What To Do with Derek Jeter?

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What To Do with Derek Jeter?

A friend of mine and I were recently at a neighborhood watering hole, and he mentioned to me, "Derek Jeter will be moved to center field at the start of 2009."  I initially laughed at the comment and told him he had enough to drink and it was time to go home.  

Once I got home, I started throwing the idea around in my head. After a couple of days, I have come to the conclusion that, although I still do not believe Derek Jeter will be manning center field in the first game at the new Yankee Stadium, the Yankees may have a dilemma sooner than I had anticipated. 

First of all, the position of shortstop is unlike any other position, except catcher, in that players are moved toward the end of their career from their natural position to a new one. These are not regular players either, these are Hall of Fame shortstops that are asked to move after many years of manning the position admirably.  

Cal Ripken Jr. or Ernie Banks ring a bell? Ripken especially comes to mind because he paved the way for the "big" shortstops. (Ripken stands at 6'4" and Jeter 6'3".) The move would not be unprecedented. 

For anyone who has seen Jeter's defense this year on a regular basis, it is easy to see that he has definitely lost a step. He was one of the best I have seen going to his right. SportsCenter's Top 10 would routinely contain a Jeter highlight of him, "going to his right, backhanding the ball, and jumping mid-air on the edge of the grass and still somehow managing to get the runner out at first."

His ability to get to balls to his left and to his right has diminished since his Gold Glove days.  

Jeter is basically living on his namesake for his defense. Those of you who argue against me need to take a look at the numbers. Using the Bill James set of statistics, which are arguably the only ones that can gauge players defensively, he has declined in every category since his Gold Glove years.

His range factor, (A+PO)/GP, has declined every year since his last Gold Glove and is actually lower than the league average. The same is true with his range factor per nine innings, {9*(A+PO)/innings played}. These stats may seem foreign to the day-to-day fan, but they are used across the league's front offices to determine a player's worth, defensively.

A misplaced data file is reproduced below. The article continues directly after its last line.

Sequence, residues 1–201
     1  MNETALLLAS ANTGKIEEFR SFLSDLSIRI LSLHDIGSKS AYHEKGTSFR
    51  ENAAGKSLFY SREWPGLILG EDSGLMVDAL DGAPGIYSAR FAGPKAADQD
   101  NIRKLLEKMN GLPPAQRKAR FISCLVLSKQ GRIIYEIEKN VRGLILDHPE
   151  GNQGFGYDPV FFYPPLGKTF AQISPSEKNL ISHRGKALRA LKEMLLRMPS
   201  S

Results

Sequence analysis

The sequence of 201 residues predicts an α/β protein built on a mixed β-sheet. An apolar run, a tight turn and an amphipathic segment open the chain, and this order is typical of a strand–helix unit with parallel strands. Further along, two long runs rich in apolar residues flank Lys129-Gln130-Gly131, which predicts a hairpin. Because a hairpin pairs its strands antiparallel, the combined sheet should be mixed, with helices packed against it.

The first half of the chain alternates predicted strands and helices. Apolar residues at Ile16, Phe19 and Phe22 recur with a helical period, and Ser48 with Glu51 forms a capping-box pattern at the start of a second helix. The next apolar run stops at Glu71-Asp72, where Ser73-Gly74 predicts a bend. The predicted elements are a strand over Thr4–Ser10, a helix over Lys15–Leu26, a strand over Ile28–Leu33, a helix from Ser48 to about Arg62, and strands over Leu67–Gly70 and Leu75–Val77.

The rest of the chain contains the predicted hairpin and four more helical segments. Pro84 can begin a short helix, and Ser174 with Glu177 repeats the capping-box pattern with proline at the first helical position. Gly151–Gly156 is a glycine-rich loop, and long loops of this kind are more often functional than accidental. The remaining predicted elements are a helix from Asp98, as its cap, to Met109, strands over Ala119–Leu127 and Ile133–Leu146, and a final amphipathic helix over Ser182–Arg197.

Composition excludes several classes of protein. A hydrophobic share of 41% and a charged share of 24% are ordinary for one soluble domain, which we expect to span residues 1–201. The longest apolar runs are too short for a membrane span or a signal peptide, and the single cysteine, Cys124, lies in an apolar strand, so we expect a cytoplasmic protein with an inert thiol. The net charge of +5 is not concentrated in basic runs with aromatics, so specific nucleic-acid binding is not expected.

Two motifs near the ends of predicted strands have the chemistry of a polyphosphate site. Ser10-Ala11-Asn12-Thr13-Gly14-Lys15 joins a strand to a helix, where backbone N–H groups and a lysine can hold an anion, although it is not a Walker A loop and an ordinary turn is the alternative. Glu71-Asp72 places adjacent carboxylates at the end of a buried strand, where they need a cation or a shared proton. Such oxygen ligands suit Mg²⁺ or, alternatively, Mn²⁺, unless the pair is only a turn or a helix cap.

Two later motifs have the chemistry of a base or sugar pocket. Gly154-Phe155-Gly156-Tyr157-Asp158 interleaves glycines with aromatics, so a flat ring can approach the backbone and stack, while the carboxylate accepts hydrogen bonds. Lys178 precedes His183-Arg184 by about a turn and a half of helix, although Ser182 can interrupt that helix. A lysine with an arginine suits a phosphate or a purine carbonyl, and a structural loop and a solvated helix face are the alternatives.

Now that we have come to the conclusion his skills defensively have deteriorated to the point a position change is inevitable, whereto?

Third base would seem to be the easiest switch, but with another former shortstop signed to play there for almost another decade, it's out. Ernie Banks was moved to first base and former All-Star shortstop Nomar Garciaparra mans it for the Dodgers now, but Jeter does not have the power with his bat to play the position in the A.L.

Left and right field also are deemed power-hitting positions for an A.L. team, so they would be tough for Jeter to fill the role of with his bat. Center field seems to be a possibility. Analysts around baseball constantly refer to him as one of the best infielders at tracking down popfly's.

His routes are always direct to the ball, and he covers a lot of ground. His headfirst dive into the stands in 2004 was most impressive because of the amount of ground he tracked in so little time.

This position also presents a problem, with hot prospect Austin Jackson only a year or two away. Second base is the only position left, excluding the obvious nix on catcher and pitcher. Why not make a switch?

Cano has one of the strongest arms in the league for the position and covers a lot of ground.  A lot of his errors are attributed to him playing too lax, which maybe would force him to change at the ever-busy shortstop position. It is one of the positions that power with the bat is not a prerequisite.  

 

Would Girardi ever do it? Doubtful. Torre is the only manager in baseball with enough clout in New York to even suggest such a move, and he is on the wrong coast to be making such decisions.

Girardi will be in his second year next year and will not need the questions from a Jeter position-switch along with all the other pressure he will face. It is hardly the most-pressing issue this offseason.

It will have to be Mr. Jeter himself to make the switch. Or else we will experience our first couple years at the New Yankee Stadium with a barely average defensive shortstop. 

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